NEW YORK (Reuters) - Aurelius Capital Management, a major Puerto Rico bondholder, asked a federal judge on Wednesday to throw out the U.S. territory’s historic bankruptcy, challenging the constitutionality of the board overseeing the island’s finances.
At a hearing in federal court in New York, Aurelius told U.S. District Court Judge Laura Taylor Swain that Puerto Rico’s oversight board was appointed by the U.S. Congress in violation of the Constitution’s appointments clause, which governs how certain public officials are designated.
“Congress can go back and do this right,” Aurelius lawyer and former U.S. Solicitor General Theodore Olson said. “The president can make new appointments.”
The bankruptcy case filed by the board last May on Puerto Rico’s behalf should be thrown out, Olson added during a three-and-a-half hour hearing.
Swain, who is presiding over Puerto Rico’s bankruptcy case, did not indicate when she may rule, and her decision is certain to be appealed by whichever side loses.
The case goes to the heart of how Puerto Rico is to restructure $120 billion in combined bond and pension debt, and who may oversee the process.
A dismissal of the bankruptcy would add more uncertainty for an island already navigating the biggest restructuring in U.S. municipal history while struggling to recover from its worst natural disaster in 90 years, September’s Hurricane Maria.
Under a 2016 federal Puerto Rico rescue law known as PROMESA, Congress appointed six members to a board tasked with managing the territory’s finances, with President Barack Obama adding a seventh. PROMESA gave the board authority to push Puerto Rico into a court-supervised restructuring akin to U.S. bankruptcy, which it did in May.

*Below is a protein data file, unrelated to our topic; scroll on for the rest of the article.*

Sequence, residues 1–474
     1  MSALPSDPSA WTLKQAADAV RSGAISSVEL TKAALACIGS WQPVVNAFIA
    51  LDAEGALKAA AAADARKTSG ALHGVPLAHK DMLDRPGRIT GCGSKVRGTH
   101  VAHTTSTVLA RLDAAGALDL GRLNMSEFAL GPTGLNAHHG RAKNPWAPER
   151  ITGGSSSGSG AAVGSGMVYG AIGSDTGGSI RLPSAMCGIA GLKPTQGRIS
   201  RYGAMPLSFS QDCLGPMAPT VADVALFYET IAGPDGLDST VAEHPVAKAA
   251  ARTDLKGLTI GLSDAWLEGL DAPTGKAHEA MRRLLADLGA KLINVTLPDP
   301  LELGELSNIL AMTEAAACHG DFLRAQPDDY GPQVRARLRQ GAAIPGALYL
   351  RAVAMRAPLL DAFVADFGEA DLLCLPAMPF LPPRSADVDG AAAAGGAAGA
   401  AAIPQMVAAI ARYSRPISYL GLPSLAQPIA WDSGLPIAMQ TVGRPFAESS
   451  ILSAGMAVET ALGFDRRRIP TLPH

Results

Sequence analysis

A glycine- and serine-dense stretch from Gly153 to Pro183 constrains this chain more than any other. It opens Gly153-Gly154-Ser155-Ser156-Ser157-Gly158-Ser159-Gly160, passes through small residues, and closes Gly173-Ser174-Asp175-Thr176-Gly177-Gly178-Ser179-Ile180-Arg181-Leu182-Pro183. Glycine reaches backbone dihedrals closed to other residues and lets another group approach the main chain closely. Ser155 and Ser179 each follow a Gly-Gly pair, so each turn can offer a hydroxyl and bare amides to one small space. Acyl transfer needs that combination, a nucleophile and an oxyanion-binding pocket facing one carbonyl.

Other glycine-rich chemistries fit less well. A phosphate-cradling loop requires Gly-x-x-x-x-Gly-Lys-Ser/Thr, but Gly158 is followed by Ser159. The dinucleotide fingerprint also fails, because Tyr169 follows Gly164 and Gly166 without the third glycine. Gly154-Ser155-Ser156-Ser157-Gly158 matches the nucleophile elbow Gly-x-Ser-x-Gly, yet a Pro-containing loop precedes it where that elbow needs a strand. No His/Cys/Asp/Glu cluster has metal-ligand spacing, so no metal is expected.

Since then, the board has pushed for drastic repayments cuts to bondholders like Aurelius, which holds around $468 million of Puerto Rico’s debt.
Aurelius says board members are federal officers, and under the appointments clause should have been appointed by the U.S. president, and confirmed by the Senate.
“The president had to choose appointees from lawmakers’ lists,” Olson said. “Congress cannot put the president in that kind of box.”
By no means an effort to free Puerto Rico from federal oversight, Aurelius wants the bankruptcy nixed and, possibly, the reappointment of new board members by incumbent Republican President Donald Trump.
Its case is viewed as a long-shot, but the hedge fund, known for aggressive litigation, pulled out all the stops in tapping Olson.
In addition to his role as solicitor general, Olson is famous for representing Bush in 2000’s Bush v. Gore U.S. Supreme Court case, as well as challenging California’s “Proposition 8” ban on same-sex marriage.
For its part, the board hired ex-Obama Solicitor General Donald Verrilli, who argued on Wednesday that the board is “funded 100 percent out of the treasury of Puerto Rico,” and that its members are officers of that island, not the United States.
Verrilli warned that Aurelius’ argument could call into question the federal government’s 1947 decision allowing Puerto Ricans to elect their own governor, potentially threatening Puerto Rico’s very right to self-rule.
The U.S. Department of Justice sided with the board, calling PROMESA “unquestionably constitutional.”
“Despite all the former solicitor generals in the room today, we don’t feel this one is that close,” DOJ lawyer Thomas Ward said.
The case is In re: Commonwealth of Puerto Rico, 17-3283, in the U.S. District Court for the Southern District of New York.
Reporting by Nick Brown; Editing by Daniel Bases and Diane Craft